A German privacy regulator has told Facebook to stop collecting user information from WhatsApp and delete all data collected to date.


Hamburg’s Commissioner for Data Protection and Freedom of Information issued an administrative order to immediately stop the collection and storage of data from German WhatsApp users.

It also told Face to delete all information it had already collected from the messaging service.

Johannes Caspar, the Hamburg Commissioner for Data Protection and Freedom of Information, said in a statement:

This administrative order protects the data of about 35 million WhatsApp users in Germany. It has to be their decision, whether they want to connect their account with Facebook. Therefore, Facebook has to ask for their permission in advance. This has not happened.In addition, there are many millions of people whose contact details were uploaded to WhatsApp from the user’s address books, although they might not even have a connection to Facebook or WhatsApp. According to Facebook, this gigantic amount of data has not yet been collected. Facebook’s answer, that this has merely not been done for the time being, is cause for concern that the gravity of the data protection breach will have much a more severe impact.”

Facebook altered WhatsApp terms and conditions to a default setting of sharing data. Users were given time to change their settings if they wished to but there has still been wide criticism of the move.

This marks the first time that the company’s new data-sharing plan announced in August received a regulatory filing against it.

This is more or less an expected turn of events, as privacy groups have been vocal in filing complaints against the new scheme since WhatsApp and its parent company Facebook revealed it a month ago.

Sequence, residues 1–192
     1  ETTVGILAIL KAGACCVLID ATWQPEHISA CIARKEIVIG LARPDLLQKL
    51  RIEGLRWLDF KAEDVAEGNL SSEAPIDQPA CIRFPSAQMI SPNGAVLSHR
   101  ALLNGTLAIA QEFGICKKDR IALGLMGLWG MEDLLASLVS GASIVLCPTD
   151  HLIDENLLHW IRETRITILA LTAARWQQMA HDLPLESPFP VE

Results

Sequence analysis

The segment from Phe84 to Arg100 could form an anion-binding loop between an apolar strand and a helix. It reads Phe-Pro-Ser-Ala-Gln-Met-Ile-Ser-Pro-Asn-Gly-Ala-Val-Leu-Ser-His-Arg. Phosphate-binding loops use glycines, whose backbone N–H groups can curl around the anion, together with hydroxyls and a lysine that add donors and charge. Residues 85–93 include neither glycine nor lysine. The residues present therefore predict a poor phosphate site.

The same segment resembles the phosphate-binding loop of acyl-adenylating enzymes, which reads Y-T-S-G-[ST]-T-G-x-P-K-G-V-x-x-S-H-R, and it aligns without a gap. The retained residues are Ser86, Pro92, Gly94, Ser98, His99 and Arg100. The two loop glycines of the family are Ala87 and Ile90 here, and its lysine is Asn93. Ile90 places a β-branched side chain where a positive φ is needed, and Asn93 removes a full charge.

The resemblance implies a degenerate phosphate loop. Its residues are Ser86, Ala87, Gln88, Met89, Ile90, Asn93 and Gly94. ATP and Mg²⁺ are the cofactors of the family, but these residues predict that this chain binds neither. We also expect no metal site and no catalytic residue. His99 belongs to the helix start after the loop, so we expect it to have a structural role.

The new policy entails that the messaging app will share its users’ data such as phone numbers with the social media network, and it’ll grant businesses the capability of contacting users directly via the app.

This development comes as a bit of a surprise to some, as WhatsApp CEO and cofounder Jan Koum assured users that Facebook’s acquisition of the messaging app won’t put their privacy and security in jeopardy.

“Make no mistake: our future partnership with Facebook will not compromise the vision that brought us to this point. Our focus remains on delivering the promise of WhatsApp far and wide, so that people around the world have the freedom to speak their mind without fear,” the executive said back in March 2014.

Facebook, who has its German offices in Hamburg, told Reuters it will appeal Caspar’s ruling.

“We will appeal this order and we will work with the Hamburg DPA in an effort to address their questions and resolve any concerns,” Facebook said in a statement to Reuters.

There are ongoing legal challenges in Germany and in India to oppose the move and US regulators are also examining the issue.

Germany regulators may not be Facebook’s only problem. Reuters reported on Tuesday that Italy’s data privacy watchdog has also opened a probe into WhatsApp’s data sharing with Facebook.

Facebook has run into regulatory trouble in Europe before. In November 2015, a Belgian court ordered Facebook to stop tracking non-Facebook web users through social plugins on third-party websites.

Download the Full statement here (PDF).

If you have an opinion regarding the way Facebook and WhatsApp are handling the users’ privacy of the messaging app, don’t hesitate to leave a comment below.

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